“That is a lot of BuilderEngine platforms out there globally, spread across Europe, the US and Australia on the cloud website builder, and for the CMS platform we are quite popular in China and India.

“We are starting to release the first commercial subscriptions and it will take the rest of 2016 for all our commercial packages to be released. We are now looking for seed investment of €800,000 to help scale and grow.”

Quality of software development in Ireland is world class

Killilea said that up until now BuilderEngine has been bootstrapped.

“Keeping everything going with bootstrapping can be difficult at times and we had to take on client work to help put bread on the table for most of the time.

“This affected the speed of development and focus on the product, which was a challenge to keep on this path while at the same time delivering for clients. The more we built, the harder it became to maintain everything with such a small team.

“Another challenge is keeping the team healthy and morale up during tense development cycles. There is always challenges but it is rewarding when we break through each one.”

His view on the Irish start-up scene is that it is growing and getting better every year.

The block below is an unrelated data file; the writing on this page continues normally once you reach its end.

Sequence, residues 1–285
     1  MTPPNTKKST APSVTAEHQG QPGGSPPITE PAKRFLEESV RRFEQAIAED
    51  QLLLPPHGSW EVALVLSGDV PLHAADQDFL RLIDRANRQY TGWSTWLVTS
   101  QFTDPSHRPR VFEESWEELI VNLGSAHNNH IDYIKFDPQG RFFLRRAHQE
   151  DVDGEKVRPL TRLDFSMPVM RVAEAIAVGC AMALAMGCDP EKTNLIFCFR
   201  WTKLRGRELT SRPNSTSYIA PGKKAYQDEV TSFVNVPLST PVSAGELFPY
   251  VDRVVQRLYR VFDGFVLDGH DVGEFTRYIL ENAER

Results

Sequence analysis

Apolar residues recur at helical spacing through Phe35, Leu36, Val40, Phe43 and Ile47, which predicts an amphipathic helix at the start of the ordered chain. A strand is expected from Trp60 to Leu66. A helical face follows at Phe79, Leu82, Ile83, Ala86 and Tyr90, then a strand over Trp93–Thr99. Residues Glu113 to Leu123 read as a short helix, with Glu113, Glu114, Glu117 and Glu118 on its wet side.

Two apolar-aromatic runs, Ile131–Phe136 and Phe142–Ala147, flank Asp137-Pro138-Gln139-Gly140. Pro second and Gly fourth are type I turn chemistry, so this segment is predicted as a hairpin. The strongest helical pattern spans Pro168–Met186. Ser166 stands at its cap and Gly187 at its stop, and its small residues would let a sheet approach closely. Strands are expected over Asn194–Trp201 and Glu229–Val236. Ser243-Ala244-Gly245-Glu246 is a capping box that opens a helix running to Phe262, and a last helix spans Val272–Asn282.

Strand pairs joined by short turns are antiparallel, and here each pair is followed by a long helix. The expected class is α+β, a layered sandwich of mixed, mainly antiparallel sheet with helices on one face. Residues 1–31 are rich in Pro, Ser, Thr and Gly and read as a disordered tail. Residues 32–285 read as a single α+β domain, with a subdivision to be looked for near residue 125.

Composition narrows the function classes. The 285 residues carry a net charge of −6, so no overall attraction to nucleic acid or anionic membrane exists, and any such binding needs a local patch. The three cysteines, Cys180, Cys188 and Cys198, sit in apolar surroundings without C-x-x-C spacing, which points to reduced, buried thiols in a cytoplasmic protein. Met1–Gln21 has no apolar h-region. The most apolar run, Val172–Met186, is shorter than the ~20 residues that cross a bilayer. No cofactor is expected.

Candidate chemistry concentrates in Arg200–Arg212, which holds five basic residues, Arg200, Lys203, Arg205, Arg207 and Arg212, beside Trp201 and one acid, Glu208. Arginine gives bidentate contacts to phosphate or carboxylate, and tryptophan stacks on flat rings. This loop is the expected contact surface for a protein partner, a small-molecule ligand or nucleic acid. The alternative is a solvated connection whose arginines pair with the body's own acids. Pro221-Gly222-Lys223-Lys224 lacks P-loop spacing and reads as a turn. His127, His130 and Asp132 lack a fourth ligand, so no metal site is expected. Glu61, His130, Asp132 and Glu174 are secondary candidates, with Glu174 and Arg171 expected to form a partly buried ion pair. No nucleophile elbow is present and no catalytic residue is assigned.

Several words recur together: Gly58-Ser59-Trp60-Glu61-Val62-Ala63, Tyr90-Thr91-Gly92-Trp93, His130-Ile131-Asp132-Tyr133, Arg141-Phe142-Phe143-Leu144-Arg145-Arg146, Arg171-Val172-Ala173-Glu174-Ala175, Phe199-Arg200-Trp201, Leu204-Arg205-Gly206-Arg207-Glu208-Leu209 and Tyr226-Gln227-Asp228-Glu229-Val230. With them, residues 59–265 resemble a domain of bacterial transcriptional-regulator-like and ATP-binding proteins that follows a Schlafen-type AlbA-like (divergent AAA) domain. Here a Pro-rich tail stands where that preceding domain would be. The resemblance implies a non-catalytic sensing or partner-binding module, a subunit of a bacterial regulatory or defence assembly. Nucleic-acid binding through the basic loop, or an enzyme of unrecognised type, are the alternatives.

“The quality of development is world class. The lean start-up method is making companies more competitive and product-focused, which is helping them grow at a faster rate. The Galway tech community is vibrant and supportive and a development hub that rivals the best in the world.”

His advice to fellow founders is to focus on your prototype and product and get key offerings right, be quick to market and prioritise feedback from real customers.

“Plan your business to scale globally and put your team first, not your product. We are every bit as good as the best in the world but we must believe we can do it.

“Ireland can produce billion-dollar companies, we have the talent, skills and creativity.”

John Kennedy is a journalist who served as editor of Silicon Republic for 17 years